This is the third installment of interviews transcribed to words with people from the baseball industry. Note: In addition to ballplayers this volume includes men whose fame came from managing not playing... an umpire... and a union organizer. Though the "author" says they "tried to faithfully record the comments of the interviewees, correcting minor grammatical mistakes and occasional errors caused by the inevitable lapses of memory after several decades"... the wordsmith's involved did not do near as good a job as they did in the prior volume "WE WOULD HAVE PLAYED FOR NOTHING" which was a classic.
The chapter subjects are Willie McCovey (Hall of Fame player)... Juan Marichal (Hall of Fame player)... Dick Williams (mediocre player, Hall of Fame manager)... Earl Weaver (Hall of Fame manager)... Tom Seaver (Hall of Fame player)... Don Baylor (player)... Ozzie Smith (Hall of Fame player)... Cal Ripken Jr. (Hall of Fame player)... Bruce Froemming (umpire)... Marvin Miller (union organizer). While it's impossible not to include a lot of interesting and inside stories... the writing/transcription is at times rambling and meandering. At other times the statements contradict themselves or seem to disconnect with no connecting point. Some examples: Willie McCovey states that in 1969 he "batted 320 fifth in the league"... and later in the same paragraph he states: "the only guy that had a higher batting average, I think, was Pete Rose." Juan Marichal says: "The guys you didn't want to see come to home plate were Roberto Clemente, Pete Rose, Billy Williams, Willie Stargell, Tony Davis-I don't know if you remember Tony Davis before he broke his ankle. Man, he was awesome, what a hitter." REVIEWER'S CORRECTION: It wasn't Tony Davis... it was TOMMY DAVIS of the Los Angeles Dodgers who led the National League in hitting in 1962 and 1963. One minute Dick Williams is telling you how he "went to elementary school, about three blocks from Sportsman's Park in St. Louis"... and went to so many games... and then half-a-page later he says out of nowhere that he "graduated in 1947 and our commencement exercises were in the Rose Bowl." I must have re-read that half-page or so three times trying to figure out if I missed something or there was a different Rose Bowl than the one in Pasadena, California. Pages later he mentions he moved to California. In numerous other examples the editor's allowed the words to be transcribed as they must have been said... which does not shine brightly on the speakers... nor do justice to the reader.
If a potential reader is an old-school baseball fan and has accepted the shortcomings, there are tasty gems to be had. It's always enlightening and enjoyable to read about who the hero's of the hero's were... McCovey's was Jackie Robinson... Dick Williams's was Ducky Medwick (my Mom's favorite also)... Tom Seaver's was Sandy Koufax and Henry Aaron... Ozzie Smith's was Roberto Clemente... Cal Ripken's was Brooks Robinson. The common thread between all the ballplayers was their dedication to putting the work in that was necessary to achieve success. It's also interesting to know... to what... and to whom... they credit their eventual success to. Tom Seaver credits the United States Marines and Gil Hodges. Cal Ripken salutes the "Oriole Way" among other things.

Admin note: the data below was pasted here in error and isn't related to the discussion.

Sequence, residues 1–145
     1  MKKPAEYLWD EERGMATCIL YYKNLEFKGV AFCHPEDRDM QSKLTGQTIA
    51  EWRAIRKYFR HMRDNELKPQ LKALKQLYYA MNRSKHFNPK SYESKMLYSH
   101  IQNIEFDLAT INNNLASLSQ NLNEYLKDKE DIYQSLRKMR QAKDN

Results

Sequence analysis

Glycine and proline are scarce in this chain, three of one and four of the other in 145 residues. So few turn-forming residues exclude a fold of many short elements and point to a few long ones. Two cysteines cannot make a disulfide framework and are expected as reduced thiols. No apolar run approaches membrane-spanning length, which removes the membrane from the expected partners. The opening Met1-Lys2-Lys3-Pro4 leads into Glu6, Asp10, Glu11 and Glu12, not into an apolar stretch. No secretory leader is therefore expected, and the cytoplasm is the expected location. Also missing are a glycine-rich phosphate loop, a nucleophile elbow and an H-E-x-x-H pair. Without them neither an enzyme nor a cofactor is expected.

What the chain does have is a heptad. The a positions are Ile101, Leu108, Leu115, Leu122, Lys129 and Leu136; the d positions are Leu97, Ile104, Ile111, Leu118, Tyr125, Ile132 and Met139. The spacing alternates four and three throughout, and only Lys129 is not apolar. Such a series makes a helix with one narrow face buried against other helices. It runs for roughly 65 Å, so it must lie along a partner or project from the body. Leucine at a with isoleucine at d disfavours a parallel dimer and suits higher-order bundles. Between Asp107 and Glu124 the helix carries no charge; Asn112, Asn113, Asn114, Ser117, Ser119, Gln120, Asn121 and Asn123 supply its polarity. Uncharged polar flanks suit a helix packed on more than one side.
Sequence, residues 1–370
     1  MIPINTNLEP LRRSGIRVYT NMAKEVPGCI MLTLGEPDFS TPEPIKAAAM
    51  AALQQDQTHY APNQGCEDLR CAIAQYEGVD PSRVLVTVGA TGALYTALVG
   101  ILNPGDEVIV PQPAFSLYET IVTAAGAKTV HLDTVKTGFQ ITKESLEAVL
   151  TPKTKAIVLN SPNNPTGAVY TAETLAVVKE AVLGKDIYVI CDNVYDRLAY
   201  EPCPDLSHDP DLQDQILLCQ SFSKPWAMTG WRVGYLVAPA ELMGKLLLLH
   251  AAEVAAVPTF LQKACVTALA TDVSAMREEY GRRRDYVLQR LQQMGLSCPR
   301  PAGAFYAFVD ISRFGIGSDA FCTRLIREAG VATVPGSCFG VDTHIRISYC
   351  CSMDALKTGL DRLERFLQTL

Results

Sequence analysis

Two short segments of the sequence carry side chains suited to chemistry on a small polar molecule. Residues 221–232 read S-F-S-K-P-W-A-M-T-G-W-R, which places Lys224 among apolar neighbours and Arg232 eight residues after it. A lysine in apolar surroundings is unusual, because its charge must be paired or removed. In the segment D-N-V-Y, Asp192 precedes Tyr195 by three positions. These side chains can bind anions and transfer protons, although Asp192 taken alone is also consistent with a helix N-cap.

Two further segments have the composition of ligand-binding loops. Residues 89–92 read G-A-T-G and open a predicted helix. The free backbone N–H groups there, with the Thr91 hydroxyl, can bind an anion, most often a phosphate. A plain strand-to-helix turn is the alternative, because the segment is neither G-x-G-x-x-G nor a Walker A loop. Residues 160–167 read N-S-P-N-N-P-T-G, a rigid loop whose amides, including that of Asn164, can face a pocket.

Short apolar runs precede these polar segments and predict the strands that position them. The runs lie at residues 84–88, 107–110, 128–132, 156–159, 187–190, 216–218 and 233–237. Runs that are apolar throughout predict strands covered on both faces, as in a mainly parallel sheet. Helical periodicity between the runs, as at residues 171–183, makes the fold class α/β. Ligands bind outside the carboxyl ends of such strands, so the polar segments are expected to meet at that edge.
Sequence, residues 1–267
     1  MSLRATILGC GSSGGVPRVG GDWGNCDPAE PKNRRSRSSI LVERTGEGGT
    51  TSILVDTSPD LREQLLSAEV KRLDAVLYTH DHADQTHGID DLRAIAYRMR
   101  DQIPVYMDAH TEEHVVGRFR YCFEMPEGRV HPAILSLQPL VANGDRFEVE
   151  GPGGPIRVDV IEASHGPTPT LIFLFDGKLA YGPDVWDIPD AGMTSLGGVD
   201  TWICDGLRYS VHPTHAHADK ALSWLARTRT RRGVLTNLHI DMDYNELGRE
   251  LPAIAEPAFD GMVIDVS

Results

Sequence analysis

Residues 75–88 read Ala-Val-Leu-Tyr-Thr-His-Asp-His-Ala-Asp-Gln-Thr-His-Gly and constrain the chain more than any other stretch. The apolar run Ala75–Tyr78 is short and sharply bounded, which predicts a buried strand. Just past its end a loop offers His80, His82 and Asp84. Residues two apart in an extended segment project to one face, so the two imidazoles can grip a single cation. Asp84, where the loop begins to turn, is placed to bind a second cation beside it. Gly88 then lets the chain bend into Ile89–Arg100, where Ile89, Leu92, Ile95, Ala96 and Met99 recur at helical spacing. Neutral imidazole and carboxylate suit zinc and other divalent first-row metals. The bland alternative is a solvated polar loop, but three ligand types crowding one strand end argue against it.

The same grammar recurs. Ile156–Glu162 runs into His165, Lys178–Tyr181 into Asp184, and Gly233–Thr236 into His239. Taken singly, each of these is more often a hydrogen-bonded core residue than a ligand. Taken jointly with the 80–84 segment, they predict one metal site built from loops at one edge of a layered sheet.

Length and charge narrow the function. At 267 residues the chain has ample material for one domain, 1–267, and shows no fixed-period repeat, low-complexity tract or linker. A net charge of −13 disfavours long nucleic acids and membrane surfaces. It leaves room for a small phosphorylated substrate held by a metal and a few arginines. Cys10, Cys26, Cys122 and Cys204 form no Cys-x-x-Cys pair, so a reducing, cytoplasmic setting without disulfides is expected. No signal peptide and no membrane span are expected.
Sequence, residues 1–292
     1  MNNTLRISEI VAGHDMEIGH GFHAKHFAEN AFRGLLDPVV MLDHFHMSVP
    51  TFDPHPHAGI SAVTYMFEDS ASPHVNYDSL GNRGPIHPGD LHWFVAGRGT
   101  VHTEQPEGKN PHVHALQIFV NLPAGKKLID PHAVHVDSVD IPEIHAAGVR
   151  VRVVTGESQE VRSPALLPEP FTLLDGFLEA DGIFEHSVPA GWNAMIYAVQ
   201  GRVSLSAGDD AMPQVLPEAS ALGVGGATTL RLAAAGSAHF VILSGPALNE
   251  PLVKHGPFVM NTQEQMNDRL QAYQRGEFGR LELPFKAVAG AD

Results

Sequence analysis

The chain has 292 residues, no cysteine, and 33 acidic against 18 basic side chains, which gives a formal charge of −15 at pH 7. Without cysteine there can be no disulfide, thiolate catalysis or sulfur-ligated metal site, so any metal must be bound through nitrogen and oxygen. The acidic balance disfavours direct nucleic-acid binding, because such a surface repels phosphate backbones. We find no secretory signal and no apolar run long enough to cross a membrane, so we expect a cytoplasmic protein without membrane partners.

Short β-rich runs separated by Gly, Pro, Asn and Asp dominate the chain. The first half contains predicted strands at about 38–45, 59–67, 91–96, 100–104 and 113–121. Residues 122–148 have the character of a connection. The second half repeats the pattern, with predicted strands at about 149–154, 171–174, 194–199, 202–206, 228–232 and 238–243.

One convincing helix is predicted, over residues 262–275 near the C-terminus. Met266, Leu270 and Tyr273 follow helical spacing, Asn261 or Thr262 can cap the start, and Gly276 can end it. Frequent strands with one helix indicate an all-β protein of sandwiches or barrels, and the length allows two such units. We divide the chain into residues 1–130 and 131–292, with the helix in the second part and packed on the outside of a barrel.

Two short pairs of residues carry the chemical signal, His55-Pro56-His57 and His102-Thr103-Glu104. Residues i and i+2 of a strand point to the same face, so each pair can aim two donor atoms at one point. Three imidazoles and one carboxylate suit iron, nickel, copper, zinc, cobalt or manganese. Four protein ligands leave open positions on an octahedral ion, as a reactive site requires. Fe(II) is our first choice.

Has the grand old game of baseball changed with each decade? I'll say! The two managers in this book Dick Williams and Earl Weaver both say they couldn't manage the way the game is today.
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Simon and Schuster Digital Sales Inc (AU)
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It's What's Inside the Lines That Counts: Baseball Stars of the 1970s and 1980s Talk About the Game They Loved (Baseball Oral History Project Book 3) Kindle Edition
About the Author
Fay Vincent is a former entertainment and business executive who served as the commissioner of baseball from 1989 to 1992. This volume is the third in a series drawn from his Baseball Oral History Project. The previous two volumes, The Only Game in Town and We Would Have Played for Nothing, include ballplayers’ reminiscences of the 1930s and 1940s, and the 1950s and 1960s, respectively. --This text refers to an alternate kindle_edition edition.
"Like Vincent's two previous oral history volumes, "It's What's Inside the Lines That Counts" isn't just welcome baseball reading--it's essential." --Allen Barra, "Chicago Tribune" --This text refers to an alternate kindle_edition edition.
- ASIN : B003B5M0WM
- Publisher : Simon & Schuster; 1st edition (6 March 2010)
- Language : English
- File size : 2096 KB
- Text-to-Speech : Enabled
- Screen Reader : Supported
- Enhanced typesetting : Enabled
- X-Ray : Not Enabled
- Word Wise : Enabled
- Print length : 336 pages
- Customer Reviews:
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Rick Shaq Goldstein
RICK "SHAQ" GOLDSTEIN SAYS: "70'S & 80'S VERSION DOESN'T MEASURE UP TO 50'S & 60'S"Reviewed in the United States on 25 March 2010
5 people found this helpful
Some Editing Would've Been NiceReviewed in the United States on 2 August 2010
Another "in the words of" book but this is REALLY an "in the words of" book - it feels like those words were taken directly from the transcripts with NO editing whatsoever; after a while, I expected even more "um's" and "I don't know's" - I don't expect perfect prose and writing but at least make it bearable to read - I stopped reading halfway through the book because the plodding style of writing - or lack thereof - made it too difficult to enjoy. I view Fay Vincent in the same light as Jimmy Carter - a man whose time in office was nondescript and who is now attempting to enhance his legacy with his work after the fact; I don't believe either will succeed.
6 people found this helpful